The Second Time Around

“Best Romances of 2011″ lists are sprouting up all over the web; this column is not one of them. True, all six books are fabulous — but so were many other romances I read this year, especially those I have discussed in this space. Four of these novels, in fact, did not appear in my column; one of them is a debut that won’t even publish until December 26. The key to my idiosyncratic version of a best-of-the-best column? Re-reads. Every month, over a hundred romances pour through my front door. I read at night, on the subway, whenever I’m not correcting student papers (being a professor can really get in the way of leisure reading). Re-reading is, in theory, out of the question.

Yet I have already re-read these six romances, and I’ll give you even odds that you’ll do the same. Looking at the pile on my desk, they feel like old friends, waiting for me to get sick and crawl under the covers, have a squabble with my husband and storm into the bedroom. They’re waiting to suck me into a story that will make my heart pound (again) and then make me smile like a fool (again): just what a romance is supposed to do.

I’ll start with a romance that was just published this month, but turned into a keeper on the first reading. I’ve liked Jill Shalvis’s novels for a long time, but this year she leapt onto my keeper shelf, due in large part to Head Over Heels. In real life, I have a signal reluctance to go near a man with gun, which I credit to my Darwinian survival instinct. But give me a romance with a sheriff as its hero, and I get weak in the knees. Sawyer Thompson is a straight-arrow, strong-and-silent type with an expression “dialed to Dirty Harry,” as Chloe Traeger puts it. Chloe, on the other hand, is a free spirit whose mother taught her that only traditionalists allow themselves to be trapped by relationships or full-time jobs. She spends her time giving holistic spa treatments, when she’s not breaking into the houses of dogfighting criminals to steal their pit bulls. As Sawyer puts it, she’s a “sexy little tumbleweed blowing through” town. Head Over Heels is a classic opposites-attract novel, but the emotional reasons why Sawyer is a straight arrow and Chloe a tumbleweed shape the plot as well as the romance. Drama comes not from extraneous events but grows out of those key characteristics. I first read this novel in a room crowded with small nieces and nephews, pancakes and bacon on the table, orange juice spilling on the floor…and kept reading with no regard for the surrounding chaos. This is a perfect antidote to an overdose of the holidays (or family): treasure it!

Kristan Higgins is another author of contemporary romances who has capped her previous best with her newest release, Until There Was You. Posey Osterhagen is the sort of heroine whom I adore (enter stage right, a high school version of Eloisa — plump, miserable, and unpopular). It’s years after high school ended, but things haven’t turned around for Posey. She’s the opposite of bodacious, with a skinny, boyish body, but even worse, she just doesn’t get men. They seem to love her under the sheets and then leave her just as cheerfully. The last thing she wants, just when she’s trying to figure out her life, is for the object of her painful and humiliating high school crush to move back into town. Liam Murphy was the slouchy, leather-clad bad boy who fell in love and married the golden girl. Now he’s returned home, a widower with a teenage daughter. The trajectory of the plot is obvious — but Liam and Posey are such quirky, original characters that they utterly defy any sense that we’ve read the story before. Liam still wears a leather jacket and drives a motorcycle, but in all the most important ways he is no longer an invincible boy, an alpha in the making. The memories of my (ghastly) senior prom still reverberate, all these years later. So what had me re-reading Until There Was You? Posey’s senior prom was worse than mine…and the prom that ends the novel is deeply satisfying in about forty different ways. This is a wish-fulfillment story, and I mean that in the best possible way.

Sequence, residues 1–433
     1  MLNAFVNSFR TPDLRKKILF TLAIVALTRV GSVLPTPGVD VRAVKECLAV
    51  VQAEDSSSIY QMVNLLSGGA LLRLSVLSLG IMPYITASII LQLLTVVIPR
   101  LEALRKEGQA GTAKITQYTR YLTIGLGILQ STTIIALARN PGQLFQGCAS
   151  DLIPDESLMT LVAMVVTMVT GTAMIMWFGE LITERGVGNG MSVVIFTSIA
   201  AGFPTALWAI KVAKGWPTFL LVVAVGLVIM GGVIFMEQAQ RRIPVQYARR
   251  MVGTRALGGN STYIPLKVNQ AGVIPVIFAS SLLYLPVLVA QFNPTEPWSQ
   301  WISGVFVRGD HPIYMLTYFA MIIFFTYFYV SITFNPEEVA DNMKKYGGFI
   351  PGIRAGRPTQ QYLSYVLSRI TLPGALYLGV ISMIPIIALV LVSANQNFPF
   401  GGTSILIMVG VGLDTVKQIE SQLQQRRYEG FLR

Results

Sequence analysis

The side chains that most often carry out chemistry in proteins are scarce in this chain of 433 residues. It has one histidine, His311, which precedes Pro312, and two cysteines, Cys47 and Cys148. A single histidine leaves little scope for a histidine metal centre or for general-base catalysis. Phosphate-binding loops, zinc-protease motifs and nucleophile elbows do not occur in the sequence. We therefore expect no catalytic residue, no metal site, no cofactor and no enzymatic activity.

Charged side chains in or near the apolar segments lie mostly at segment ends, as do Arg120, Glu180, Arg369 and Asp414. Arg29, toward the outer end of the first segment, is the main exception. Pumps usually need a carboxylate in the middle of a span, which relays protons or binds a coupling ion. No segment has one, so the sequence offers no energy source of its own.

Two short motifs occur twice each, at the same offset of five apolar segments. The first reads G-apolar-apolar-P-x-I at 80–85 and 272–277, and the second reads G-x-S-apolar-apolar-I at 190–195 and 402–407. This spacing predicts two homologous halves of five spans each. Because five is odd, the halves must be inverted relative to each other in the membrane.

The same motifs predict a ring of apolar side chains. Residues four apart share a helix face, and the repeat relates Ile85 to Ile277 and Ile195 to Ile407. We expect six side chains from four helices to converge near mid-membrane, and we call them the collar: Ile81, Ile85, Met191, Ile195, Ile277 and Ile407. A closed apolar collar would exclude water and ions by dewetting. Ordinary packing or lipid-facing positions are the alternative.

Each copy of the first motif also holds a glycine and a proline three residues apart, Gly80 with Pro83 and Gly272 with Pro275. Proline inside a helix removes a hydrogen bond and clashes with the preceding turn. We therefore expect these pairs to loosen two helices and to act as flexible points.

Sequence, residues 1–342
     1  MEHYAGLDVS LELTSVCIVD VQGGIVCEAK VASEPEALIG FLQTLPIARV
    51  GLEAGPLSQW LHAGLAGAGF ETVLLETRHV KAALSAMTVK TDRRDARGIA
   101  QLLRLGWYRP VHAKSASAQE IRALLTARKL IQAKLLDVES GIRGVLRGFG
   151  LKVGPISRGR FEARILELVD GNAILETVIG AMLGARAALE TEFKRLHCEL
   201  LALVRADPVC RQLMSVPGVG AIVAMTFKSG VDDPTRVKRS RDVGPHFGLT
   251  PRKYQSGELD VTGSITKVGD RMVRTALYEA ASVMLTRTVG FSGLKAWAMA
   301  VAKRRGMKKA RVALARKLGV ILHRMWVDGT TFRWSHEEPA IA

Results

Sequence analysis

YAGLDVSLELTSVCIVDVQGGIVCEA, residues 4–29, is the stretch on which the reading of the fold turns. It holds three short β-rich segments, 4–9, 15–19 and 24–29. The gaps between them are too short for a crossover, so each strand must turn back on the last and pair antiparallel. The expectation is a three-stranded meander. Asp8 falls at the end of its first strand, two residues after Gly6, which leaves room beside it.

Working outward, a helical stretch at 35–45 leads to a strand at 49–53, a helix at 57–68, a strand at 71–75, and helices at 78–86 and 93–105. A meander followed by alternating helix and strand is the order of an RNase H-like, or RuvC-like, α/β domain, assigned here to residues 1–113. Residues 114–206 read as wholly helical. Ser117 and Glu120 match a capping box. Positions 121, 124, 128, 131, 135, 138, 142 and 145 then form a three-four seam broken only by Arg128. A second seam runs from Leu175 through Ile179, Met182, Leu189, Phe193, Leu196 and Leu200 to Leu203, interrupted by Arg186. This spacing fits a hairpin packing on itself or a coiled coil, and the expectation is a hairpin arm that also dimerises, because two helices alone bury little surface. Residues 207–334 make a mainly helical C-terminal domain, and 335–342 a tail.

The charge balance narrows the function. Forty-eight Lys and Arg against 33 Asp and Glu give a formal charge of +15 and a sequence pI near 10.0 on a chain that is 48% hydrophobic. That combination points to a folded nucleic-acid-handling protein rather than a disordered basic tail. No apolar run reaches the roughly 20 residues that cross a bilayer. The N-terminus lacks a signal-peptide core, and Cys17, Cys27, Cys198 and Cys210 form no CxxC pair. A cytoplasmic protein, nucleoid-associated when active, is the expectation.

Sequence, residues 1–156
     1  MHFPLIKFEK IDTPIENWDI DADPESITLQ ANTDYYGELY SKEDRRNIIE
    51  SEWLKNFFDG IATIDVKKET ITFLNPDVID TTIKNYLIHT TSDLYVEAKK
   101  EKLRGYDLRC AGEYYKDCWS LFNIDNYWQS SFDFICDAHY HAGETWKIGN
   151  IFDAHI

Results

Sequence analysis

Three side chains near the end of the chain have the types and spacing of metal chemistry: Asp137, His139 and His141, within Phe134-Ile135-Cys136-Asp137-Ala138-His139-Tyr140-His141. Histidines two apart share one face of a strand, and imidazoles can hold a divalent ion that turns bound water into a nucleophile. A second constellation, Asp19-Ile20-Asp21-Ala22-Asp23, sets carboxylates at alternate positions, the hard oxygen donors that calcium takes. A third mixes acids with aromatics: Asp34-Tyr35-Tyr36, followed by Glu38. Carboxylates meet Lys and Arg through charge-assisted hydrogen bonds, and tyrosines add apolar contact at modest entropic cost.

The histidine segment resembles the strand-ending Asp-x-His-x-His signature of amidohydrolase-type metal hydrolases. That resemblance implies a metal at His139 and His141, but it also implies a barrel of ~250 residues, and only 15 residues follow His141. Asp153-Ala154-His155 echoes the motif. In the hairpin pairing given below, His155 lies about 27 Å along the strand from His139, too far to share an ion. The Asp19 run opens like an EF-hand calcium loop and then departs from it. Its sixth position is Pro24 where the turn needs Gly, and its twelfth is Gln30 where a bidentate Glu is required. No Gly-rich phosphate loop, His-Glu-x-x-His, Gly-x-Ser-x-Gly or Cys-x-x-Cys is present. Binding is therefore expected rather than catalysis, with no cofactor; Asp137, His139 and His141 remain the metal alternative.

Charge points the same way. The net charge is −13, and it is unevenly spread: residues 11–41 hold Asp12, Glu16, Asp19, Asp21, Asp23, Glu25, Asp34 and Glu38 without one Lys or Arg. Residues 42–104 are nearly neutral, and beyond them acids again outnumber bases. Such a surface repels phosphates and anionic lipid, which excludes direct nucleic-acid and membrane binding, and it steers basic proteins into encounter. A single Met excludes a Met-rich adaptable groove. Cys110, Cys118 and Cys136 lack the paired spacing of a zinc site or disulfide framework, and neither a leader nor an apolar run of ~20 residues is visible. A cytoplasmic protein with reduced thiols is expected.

Cecilia Grant’s A Lady Awakened is the author’s first published novel. I read it in manuscript, re-read when it arrived as an advance copy, and then re-read it once more. Martha Russell is a proper, laced-up widow, and Theophilus Mirkwood is a known rake with an all-too-true reputation. A Lady Awakened is a sexy and surprisingly sweet debut that hits the perfect note. Martha’s husband has just died, and she needs to become pregnant immediately — yesterday! — in order to pass off her baby as the heir to the Russell estate. If she doesn’t, not only will she be destitute, but the estate will be seized by her late husband’s lascivious brother. There’s one problem: barring immaculate conception, she needs to go to bed with someone. Who better than Theophilus? There’s so much I adore about this novel — from the hilariously awkward scene in which Martha propositions Theo to the immensely sensual one in which she first succumbs to pleasure. It’s not just that Theo is great in bed: there are plenty of historical novels featuring heroes with remarkable skills in that arena. What makes A Lady Awakened stand out is how both Theo and Martha change and grow together. I kept thinking about these two long after finishing the last page, and I’m sure you will, too. I’m already impatiently awaiting Grant’s next.